In the early 1930s, Hercules developed a new powder ideally suited for small rifle cartridges, such as the .22 Hornet. The powder was released to the public in canister form in 1933 as 2400. It didn’t take long for big-bore handgun experimenters to try it in their sixguns. When Doug Wesson announced his intentions to lengthen the .38 Special case to create a more powerful handgun cartridge, chemists and ballisticians from Winchester, Remington, DuPont and Hercules, along with technicians from Smith & Wesson, worked together to create, in 1935, the .357 Smith & Wesson Magnum. The powder they chose for factory ammunition was 2400. In time both factories and reloaders used it in .410 shotshells.
Cartridges of modest case capacity had the best of it during this period, as even the slowest of rifle powders were fast burning by today’s standards. Still, large case capacity cartridge development continued. An example of a cartridge that was better than the powders it had to work with was the .30 Newton.
Apparently an outgrowth of the earlier .30 Adolph Express (circa 1912), also developed by gun and cartridge designer Charles Newton, the .30 Newton was introduced about four years later in Newton rifles. It had a larger case in length and diameter than the .30-06 and gave quite impressive velocity figures at 50,000 to 55,000 psi with powders in the burning rate range of our modern IMR-3031 to 4895. Had the cartridge been developed in the 1940s or 1950s when powders such as 4350 and 4831 became available and been chambered in more arms, it might still be with us.
Throughout smokeless powder production, some powders had been standardized sufficiently to be offered to the reloading public as canister powders. In addition, in the U.S., the government had frequently sold surplus powders to National Rifle Association members. After World War II, Bruce Hodgdon forever changed the reloading scene dynamic by purchasing large quantities of surplus military powder and offering it to the shooting public. It began with surplus 4895, which had been the World War II-era .30-06 powder, but followed with a powder DuPont had developed for use in the army’s 20mm cannon called 4831. It didn’t take long for shooters to realize that here was a powder slow enough to allow for an increase in case capacity in many bore sizes, but also that it was ideal in the .270 Winchester, .25-06 and others. With its own powders being sold by the government as surplus and ending up in the hands of potential DuPont customers, DuPont took awhile but eventually expanded its own canister line to include such powders as 4895 and 4831.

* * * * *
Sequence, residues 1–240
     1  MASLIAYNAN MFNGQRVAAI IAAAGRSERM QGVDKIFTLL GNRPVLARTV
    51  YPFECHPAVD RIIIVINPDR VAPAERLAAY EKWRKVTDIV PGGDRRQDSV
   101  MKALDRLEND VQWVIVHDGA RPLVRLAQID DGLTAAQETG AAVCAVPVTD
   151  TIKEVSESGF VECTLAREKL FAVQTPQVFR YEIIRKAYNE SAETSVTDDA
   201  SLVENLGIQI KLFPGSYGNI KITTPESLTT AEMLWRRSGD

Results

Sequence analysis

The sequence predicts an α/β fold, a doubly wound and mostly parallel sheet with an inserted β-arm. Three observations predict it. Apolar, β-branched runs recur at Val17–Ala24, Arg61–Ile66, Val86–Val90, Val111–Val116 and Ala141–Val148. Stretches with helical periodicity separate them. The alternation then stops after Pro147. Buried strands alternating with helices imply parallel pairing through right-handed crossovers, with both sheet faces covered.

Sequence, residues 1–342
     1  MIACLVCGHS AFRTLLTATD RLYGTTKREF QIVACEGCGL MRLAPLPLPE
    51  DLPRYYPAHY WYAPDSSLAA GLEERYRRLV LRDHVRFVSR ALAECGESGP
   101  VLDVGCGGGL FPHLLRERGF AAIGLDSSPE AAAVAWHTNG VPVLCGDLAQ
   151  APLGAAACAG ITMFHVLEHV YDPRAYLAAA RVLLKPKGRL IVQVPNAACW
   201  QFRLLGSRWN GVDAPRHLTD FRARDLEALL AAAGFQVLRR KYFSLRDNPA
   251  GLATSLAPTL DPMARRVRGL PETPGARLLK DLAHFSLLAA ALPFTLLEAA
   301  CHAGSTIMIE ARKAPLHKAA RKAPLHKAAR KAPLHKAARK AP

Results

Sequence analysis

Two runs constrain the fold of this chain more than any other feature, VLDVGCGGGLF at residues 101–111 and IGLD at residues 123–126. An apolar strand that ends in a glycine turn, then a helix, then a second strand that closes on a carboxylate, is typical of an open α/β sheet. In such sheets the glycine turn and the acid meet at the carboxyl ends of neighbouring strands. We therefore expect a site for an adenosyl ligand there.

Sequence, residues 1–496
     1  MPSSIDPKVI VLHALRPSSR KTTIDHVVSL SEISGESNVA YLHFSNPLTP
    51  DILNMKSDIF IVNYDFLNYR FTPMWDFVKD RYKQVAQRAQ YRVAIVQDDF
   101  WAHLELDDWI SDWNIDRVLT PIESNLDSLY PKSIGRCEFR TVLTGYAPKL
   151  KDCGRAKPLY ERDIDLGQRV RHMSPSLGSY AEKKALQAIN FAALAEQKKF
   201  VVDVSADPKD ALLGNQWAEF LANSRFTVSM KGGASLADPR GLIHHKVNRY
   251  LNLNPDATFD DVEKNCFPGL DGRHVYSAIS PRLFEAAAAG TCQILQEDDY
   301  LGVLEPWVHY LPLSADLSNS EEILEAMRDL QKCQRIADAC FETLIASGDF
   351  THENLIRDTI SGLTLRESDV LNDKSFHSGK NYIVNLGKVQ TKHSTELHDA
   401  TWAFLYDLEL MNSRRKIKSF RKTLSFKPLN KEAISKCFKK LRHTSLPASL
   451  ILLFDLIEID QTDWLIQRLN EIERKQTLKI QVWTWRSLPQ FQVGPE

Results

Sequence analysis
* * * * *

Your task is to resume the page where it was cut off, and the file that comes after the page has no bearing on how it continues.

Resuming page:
The years following World War II saw another change: the expanding competition of powder companies. For the most part, early smokeless powder reloaders used DuPont powders. After the DuPont breakup in 1912, we used single-base DuPont rifle powders and double-base Hercules handgun and shotgun powders. Hodgdon changed all that. In the 1960s, Winchester began to offer some of its Ball powder line to handloaders. Foreign companies such as Norma began exporting its canister powders to the U.S. Other companies such as Accurate Arms set up to import other foreign powders, many surplus military powders from Europe. As surpluses dried up, newly manufactured powders from all over Europe made their way here.
There were now several forces at work at the same time. New and improved powders to meet military and industrial needs, including the law enforcement and sporting markets, were still required. There was the need to be competitive – more so than in the past – as any potential contract would have multiple bidders. Also the canister market put pressure on the manufacturers both to be competitive and to meet the needs of new cartridges.
In the early part of the twentieth century, when federal regulations began to place restrictions on waterfowl hunting, including gauge restrictions, the industry responded by increasing the shot weight. Before long we were shooting 10- and 12-gauge shotguns that carried as much shot as earlier 6- and 8-gauge guns. All this demanded new and improved powders.
Another outside influence that had an effect on sporting ammunition also occurred in the shotgun field. The mandate for the use of nontoxic shot in waterfowl hunting initially was limited to steel shot. To be effective, steel shot required a higher velocity than lead. To accomplish this required a slower powder than was currently available. It took some time – and the development of new, stronger wads – but now steel shot loads have reached a level of perfection and acceptance not dreamed possible two decades ago. Those slower powders and stronger wads have subsequently led to the development of newer, nontoxic substances that are even more effective than lead.